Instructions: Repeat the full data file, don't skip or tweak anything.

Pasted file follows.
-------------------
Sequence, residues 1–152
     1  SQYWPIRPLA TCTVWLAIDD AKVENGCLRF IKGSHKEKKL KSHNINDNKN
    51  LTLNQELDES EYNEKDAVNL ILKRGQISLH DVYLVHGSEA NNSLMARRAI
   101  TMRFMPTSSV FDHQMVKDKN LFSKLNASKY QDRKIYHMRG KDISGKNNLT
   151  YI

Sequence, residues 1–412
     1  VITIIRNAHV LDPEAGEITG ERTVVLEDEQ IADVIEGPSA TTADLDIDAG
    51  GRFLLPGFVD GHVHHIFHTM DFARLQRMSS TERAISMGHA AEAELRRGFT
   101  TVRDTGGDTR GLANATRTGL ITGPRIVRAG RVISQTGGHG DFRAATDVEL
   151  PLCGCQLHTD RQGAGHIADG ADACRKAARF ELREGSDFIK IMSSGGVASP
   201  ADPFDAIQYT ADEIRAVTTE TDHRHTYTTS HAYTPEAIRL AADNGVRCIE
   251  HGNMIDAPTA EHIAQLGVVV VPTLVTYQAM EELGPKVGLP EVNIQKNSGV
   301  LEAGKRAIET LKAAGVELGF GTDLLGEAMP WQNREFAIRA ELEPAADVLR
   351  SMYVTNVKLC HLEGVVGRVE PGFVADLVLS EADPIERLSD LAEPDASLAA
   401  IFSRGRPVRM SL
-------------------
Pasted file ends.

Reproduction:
Sequence, residues 1–152
     1  SQYWPIRPLA TCTVWLAIDD AKVENGCLRF IKGSHKEKKL KSHNINDNKN
    51  LTLNQELDES EYNEKDAVNL ILKRGQISLH DVYLVHGSEA NNSLMARRAI
   101  TMRFMPTSSV FDHQMVKDKN LFSKLNASKY QDRKIYHMRG KDISGKNNLT
   151  YI

Sequence, residues 1–412
     1  VITIIRNAHV LDPEAGEITG ERTVVLEDEQ IADVIEGPSA TTADLDIDAG
    51  GRFLLPGFVD GHVHHIFHTM DFARLQRMSS TERAISMGHA AEAELRRGFT
   101  TVRDTGGDTR GLANATRTGL ITGPRIVRAG RVISQTGGHG DFRAATDVEL
   151  PLCGCQLHTD RQGAGHIADG ADACRKAARF ELREGSDFIK IMSSGGVASP
   201  ADPFDAIQYT ADEIRAVTTE TDHRHTYTTS HAYTPEAIRL AADNGVRCIE
   251  HGNMIDAPTA EHIAQLGVVV VPTLVTYQAM EELGPKVGLP EVNIQKNSGV
   301  LEAGKRAIET LKAAGVELGF GTDLLGEAMP WQNREFAIRA ELEPAADVLR
   351  SMYVTNVKLC HLEGVVGRVE PGFVADLVLS EADPIERLSD LAEPDASLAA
   401  IFSRGRPVRM SL